The Commission for Social Care Inspection will increase unannounced spot checks in care homes to help them target poor providers following a change to legislation announced by Care Services Minister Liam Byrne.
The CSCI will also stay in regular contact with providers, who will be required by law to carry out an annual assessment proving they are maintaining high standards. Care homes with a clear record of delivering excellent services will be freed from red tape to focus their attention on caring for their residents.
Dame Denise Platt, chair of the Commission for Social Care Inspection, said:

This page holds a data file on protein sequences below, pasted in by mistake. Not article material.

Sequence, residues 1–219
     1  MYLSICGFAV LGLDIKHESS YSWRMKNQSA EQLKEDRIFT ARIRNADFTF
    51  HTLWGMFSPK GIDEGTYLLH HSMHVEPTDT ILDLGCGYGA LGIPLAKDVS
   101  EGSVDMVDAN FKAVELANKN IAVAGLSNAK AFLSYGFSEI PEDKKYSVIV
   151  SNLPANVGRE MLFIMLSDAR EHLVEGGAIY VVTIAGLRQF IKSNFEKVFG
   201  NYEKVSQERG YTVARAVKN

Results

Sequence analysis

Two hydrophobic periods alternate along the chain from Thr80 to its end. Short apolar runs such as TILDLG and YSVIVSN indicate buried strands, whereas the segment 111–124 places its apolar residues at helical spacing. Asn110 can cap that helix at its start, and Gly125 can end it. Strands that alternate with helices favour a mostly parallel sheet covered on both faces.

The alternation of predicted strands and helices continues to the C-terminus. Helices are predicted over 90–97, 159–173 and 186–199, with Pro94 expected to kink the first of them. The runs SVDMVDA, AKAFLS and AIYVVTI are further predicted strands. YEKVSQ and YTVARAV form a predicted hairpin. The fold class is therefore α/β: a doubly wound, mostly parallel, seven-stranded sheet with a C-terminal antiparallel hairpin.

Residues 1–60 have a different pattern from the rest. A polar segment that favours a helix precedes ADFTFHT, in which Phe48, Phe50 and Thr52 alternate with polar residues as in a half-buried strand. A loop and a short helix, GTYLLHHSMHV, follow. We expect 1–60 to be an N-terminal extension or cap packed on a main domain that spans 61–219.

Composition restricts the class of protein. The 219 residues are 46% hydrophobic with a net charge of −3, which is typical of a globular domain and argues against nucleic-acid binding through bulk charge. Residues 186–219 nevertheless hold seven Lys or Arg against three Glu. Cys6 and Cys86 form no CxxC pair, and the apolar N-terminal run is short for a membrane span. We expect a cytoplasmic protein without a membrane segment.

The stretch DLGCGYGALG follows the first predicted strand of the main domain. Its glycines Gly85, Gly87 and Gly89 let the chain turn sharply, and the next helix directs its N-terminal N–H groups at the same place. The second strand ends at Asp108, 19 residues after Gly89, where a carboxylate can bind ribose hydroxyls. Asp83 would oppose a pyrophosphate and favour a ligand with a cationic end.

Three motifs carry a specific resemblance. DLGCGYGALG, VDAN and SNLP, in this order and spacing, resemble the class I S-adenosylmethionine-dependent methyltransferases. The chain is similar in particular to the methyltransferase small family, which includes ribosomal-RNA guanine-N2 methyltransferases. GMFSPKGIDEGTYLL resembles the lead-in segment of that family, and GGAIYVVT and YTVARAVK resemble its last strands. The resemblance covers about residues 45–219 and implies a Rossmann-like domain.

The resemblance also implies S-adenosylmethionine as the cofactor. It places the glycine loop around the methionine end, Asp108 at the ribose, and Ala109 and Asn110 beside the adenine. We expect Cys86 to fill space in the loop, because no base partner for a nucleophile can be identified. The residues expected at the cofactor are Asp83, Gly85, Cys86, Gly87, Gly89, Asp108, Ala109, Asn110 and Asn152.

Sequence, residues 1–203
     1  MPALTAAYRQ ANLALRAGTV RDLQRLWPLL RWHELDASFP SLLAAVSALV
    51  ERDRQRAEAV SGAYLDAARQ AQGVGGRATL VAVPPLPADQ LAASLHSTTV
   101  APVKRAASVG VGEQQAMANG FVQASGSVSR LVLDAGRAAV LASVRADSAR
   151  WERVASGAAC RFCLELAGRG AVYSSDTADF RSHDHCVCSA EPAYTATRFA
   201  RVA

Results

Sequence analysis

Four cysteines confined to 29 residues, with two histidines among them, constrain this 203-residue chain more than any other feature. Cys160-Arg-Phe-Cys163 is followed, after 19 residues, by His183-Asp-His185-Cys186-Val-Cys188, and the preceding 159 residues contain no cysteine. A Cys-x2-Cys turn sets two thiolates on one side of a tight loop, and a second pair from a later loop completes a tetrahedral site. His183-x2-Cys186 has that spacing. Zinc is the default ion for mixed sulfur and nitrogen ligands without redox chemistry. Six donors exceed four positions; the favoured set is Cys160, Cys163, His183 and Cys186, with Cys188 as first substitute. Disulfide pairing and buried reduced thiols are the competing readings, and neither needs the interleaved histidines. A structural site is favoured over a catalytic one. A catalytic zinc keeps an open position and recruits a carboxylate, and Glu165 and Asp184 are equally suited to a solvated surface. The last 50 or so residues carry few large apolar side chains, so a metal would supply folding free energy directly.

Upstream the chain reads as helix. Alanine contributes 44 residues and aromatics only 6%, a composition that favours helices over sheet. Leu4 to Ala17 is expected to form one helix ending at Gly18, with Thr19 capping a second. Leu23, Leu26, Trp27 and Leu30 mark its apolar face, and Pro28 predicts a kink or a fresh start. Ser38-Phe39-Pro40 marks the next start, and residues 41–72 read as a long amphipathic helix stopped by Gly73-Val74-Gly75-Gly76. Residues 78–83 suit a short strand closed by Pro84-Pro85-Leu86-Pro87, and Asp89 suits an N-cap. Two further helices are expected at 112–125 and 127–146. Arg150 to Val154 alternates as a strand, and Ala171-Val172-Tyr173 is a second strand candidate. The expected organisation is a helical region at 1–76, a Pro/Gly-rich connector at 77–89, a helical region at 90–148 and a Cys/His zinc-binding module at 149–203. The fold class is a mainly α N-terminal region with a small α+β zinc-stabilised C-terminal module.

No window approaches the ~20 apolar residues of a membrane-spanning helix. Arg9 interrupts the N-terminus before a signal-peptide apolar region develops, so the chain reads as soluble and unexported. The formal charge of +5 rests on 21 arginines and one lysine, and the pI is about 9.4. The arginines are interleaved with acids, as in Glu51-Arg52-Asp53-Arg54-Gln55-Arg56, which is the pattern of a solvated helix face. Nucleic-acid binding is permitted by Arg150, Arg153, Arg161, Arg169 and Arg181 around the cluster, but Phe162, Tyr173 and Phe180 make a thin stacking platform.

“People who use social care services tell us they want our inspections to be unannounced, they want to be more involved in telling us what they think of services, and they want us to be tougher on poor services and bad practice. These new regulations will help us to be more flexible in targeting our efforts on the services most in need of improvement.”
The change follows the launch yesterday of a centralised vetting and barring scheme, which will help force abusers out of the health and social care workforce and keep them out. It also builds on Byrne’s decision to extend registration to all care home staff. The government is also to investigate ways of making it easier for relatives of residents to trigger spot checks anonymously.
Speaking of the changes Byrne said: “Abusers of vulnerable adults should know that there is nowhere for them to hide in our social care workforce. Our older people deserve the very best care we can give them, in a safe environment.”